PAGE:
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How is neutropenia defined?
The white blood cell count (WBC) is the number of white blood cells in a
volume of blood. The normal range for the WBC varies slightly among laboratories
but is generally between 4,300 and 10,800 cells per microliter or cubic
millimeter (cmm). The WBC can also be referred to as the leukocyte count and can
be expressed in international units as 4.3 x 109to 10.8 x 109 cells per liter.
The percentage of the different types of white blood cells in the WBC is called
the WBC differential.
The absolute neutrophil count (ANC) is determined by the product of the white
blood cell count (WBC) and the fraction of neutrophils among the white blood
cells as determined by the WBC differential analysis. For example, if the WBC is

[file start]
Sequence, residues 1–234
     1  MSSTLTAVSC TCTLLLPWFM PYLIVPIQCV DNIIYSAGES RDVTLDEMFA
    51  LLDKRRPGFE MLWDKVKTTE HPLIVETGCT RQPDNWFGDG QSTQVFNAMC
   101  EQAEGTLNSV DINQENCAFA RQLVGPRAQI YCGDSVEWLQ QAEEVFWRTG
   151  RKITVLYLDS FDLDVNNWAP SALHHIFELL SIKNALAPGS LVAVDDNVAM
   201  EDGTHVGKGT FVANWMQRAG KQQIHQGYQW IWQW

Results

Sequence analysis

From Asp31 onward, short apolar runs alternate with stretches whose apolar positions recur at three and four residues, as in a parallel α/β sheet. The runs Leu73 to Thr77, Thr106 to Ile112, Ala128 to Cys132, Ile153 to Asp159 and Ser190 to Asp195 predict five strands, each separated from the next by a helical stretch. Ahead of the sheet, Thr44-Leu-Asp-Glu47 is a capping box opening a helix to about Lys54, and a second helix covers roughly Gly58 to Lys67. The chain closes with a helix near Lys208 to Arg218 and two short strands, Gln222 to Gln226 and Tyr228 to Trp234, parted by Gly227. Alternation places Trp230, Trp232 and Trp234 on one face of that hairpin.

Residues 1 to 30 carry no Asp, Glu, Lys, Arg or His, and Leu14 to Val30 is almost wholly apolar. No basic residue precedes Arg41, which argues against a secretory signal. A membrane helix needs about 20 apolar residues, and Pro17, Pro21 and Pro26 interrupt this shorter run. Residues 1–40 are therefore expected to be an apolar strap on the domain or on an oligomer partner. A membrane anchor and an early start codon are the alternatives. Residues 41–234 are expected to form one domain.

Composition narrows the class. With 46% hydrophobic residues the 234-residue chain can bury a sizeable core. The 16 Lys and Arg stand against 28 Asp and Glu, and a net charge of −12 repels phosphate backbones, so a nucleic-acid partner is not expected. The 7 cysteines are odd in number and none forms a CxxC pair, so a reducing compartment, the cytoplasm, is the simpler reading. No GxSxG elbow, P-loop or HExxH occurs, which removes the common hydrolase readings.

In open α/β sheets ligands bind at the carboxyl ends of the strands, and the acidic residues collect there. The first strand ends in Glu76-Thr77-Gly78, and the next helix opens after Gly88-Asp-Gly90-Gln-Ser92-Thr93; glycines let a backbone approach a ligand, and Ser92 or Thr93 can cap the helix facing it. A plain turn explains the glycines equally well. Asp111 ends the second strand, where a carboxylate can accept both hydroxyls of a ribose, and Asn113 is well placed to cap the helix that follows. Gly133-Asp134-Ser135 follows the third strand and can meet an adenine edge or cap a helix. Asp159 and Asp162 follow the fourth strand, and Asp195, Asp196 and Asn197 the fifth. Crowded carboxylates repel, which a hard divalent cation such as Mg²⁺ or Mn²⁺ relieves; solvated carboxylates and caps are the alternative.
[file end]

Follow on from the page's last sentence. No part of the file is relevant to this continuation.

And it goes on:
10,000 per microliter and 70% are neutrophils, the ANC would be 7,000 per
An ANC of less than 1500 per microliter (1500/microL) is the generally
accepted definition of neutropenia. Neutropenia is sometimes further classified
mild if the ANC ranges from 1000-1500/microL,
moderate with an ANC of
severe if the ANC is below 500/microL.
Some medical terms may be used synonymously with neutropenia, even though
their precise definitions are different.
Leukopenia refers to
a reduced number of white blood cells in general, while granulocytopenia refers to a decreased
number of all the granulocyte-type blood cells (neutrophils, eosinophils, and
Since neutrophils normally far outnumber the other types of
granulocytes, this term is sometimes used to refer to neutropenia.
Finally, agranulocytosis literally refers to a complete absence of all granulocytes, but
this term is sometimes used to refer to severe neutropenia.